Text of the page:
Great (if slightly silly, ok) name for a late-60s British band that was to all intents and purposes a vehicle for the impressive talents of Hammond organ maestro Mike Weaver. Wynder K. Frog's stock-in-trade was reliable instrumental music of decidedly funky soul-jazz character that stretched across the spectrum from principal influence Booker T & The MGs through to Graham Bond, Georgie Fame and Zoot Money. The band made three albums for Island Records between 1966 and 1970, and these are handily collected together on this well-stocked three-disc set (usefully - and accurately - subtitled The Complete Recordings 1966-1970), which incidentally marks the very first official CD appearance of the majority of the material within - the exception being the second of the group's LPs, 1968's Out Of The Frying Pan, the only one to achieve any measure of chart action. And yeah, all the recordings have been freshly remastered and sound just great, while the accompanying booklet - incorporating many pertinent quotes from Weaver himself - is a real mine of information about this enigmatic outfit that has been somewhat sidelined by pop historians.
It's probably true to say that on parts of the first two albums the musical invention is sometimes workmanlike rather than imaginative, and the change in band personnel over that time didn't help continuity, but Out Of The Frying Pan was a better-than-creditable attempt at establishing a cohesive band identity and boasted a forward-thinking Muff Winwood production to boot. Despite the predictability of some of the material, Weaver's Hammond work is always inspired and never dull, lighting up even the most mundane of run-throughs of contemporary chart and R&B hits, while Weaver's own able compositions also made up a good quotient of the Frog repertoire at any given time. Yet it's all too easy to underestimate Weaver's achievement, and nowhere is this more apparent perhaps than on the third of the albums issued under the Wynder K. Frog name, Into The Fire, which was originally only issued in the States. (This followed a hiatus in WKF activity when a curious hybrid Mason, Capaldi, Wood & Frog outfit briefly came into being then fizzled out.) Into The Fire presented a handful of significantly interesting Weaver compositions that took the predominantly Muscle Shoals creative idiom further into jazz-rock and also permitted a healthy degree of stretching out for Weaver's "band", which by then consisted mostly of session-musicians.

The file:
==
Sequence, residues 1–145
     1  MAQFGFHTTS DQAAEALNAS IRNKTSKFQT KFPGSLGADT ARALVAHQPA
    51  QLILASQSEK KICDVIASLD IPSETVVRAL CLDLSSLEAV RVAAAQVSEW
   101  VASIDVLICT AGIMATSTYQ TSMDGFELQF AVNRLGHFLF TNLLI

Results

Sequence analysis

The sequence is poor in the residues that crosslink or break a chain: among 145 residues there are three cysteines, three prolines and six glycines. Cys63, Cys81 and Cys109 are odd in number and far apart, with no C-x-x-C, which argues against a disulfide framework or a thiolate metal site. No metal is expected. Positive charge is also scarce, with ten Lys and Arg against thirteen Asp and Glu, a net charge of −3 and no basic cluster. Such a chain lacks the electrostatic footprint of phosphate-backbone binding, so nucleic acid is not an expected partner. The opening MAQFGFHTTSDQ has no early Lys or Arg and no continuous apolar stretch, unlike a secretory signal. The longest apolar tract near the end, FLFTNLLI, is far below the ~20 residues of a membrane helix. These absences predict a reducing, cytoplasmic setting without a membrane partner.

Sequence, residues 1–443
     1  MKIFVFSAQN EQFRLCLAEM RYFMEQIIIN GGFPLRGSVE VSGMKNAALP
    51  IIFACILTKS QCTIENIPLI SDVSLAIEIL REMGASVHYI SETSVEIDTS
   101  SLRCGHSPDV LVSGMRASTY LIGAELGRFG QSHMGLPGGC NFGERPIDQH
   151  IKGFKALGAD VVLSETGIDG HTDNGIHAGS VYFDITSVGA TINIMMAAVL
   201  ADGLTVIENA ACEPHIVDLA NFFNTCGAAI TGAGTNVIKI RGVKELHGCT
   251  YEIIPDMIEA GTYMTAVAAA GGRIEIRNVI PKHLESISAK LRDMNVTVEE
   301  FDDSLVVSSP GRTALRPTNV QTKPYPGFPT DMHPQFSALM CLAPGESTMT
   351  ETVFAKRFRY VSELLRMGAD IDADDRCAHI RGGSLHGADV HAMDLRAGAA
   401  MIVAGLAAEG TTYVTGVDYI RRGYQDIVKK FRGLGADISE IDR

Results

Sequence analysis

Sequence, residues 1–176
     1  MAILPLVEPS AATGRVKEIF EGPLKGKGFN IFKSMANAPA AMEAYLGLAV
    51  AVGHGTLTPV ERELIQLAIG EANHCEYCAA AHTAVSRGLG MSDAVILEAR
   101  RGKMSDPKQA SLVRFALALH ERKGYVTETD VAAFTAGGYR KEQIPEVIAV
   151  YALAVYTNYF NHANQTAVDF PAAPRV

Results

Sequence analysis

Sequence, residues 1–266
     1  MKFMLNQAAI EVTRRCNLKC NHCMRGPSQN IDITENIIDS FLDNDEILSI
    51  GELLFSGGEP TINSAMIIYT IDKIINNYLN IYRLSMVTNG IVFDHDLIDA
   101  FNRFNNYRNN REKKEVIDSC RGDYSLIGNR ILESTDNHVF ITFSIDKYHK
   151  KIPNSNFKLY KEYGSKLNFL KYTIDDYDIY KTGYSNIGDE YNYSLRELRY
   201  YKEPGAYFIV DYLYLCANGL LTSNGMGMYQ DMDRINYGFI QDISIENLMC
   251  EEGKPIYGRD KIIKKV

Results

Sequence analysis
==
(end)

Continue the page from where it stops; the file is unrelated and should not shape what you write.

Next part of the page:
Disc 3 of this set also valuably appends tracks from an acetate for a "lost" second LP, recorded between albums one and two, and includes some quite surprising covers (Happy Jack, We Can Work It Out) alongside revisits of earlier Weaver numbers like Baldy, with a standout of the session coming on A Memory Of Bruce. Other bonus tracks appearing on the set include the desirable early singles, a BBC radio session performance, a 1966 advert flexi-disc and a couple of items from the soundtrack for 1968 movie The Touchables.
Shook, Shimmy & Shake is a valuable addition to the CD back-catalogue of classy, trendy swinging mod and beat club music from the 60s. Groovy and fun!
|Barry Nisbet: A Bright Ray Of Sunshine||Planxty: One Night In Bremen|
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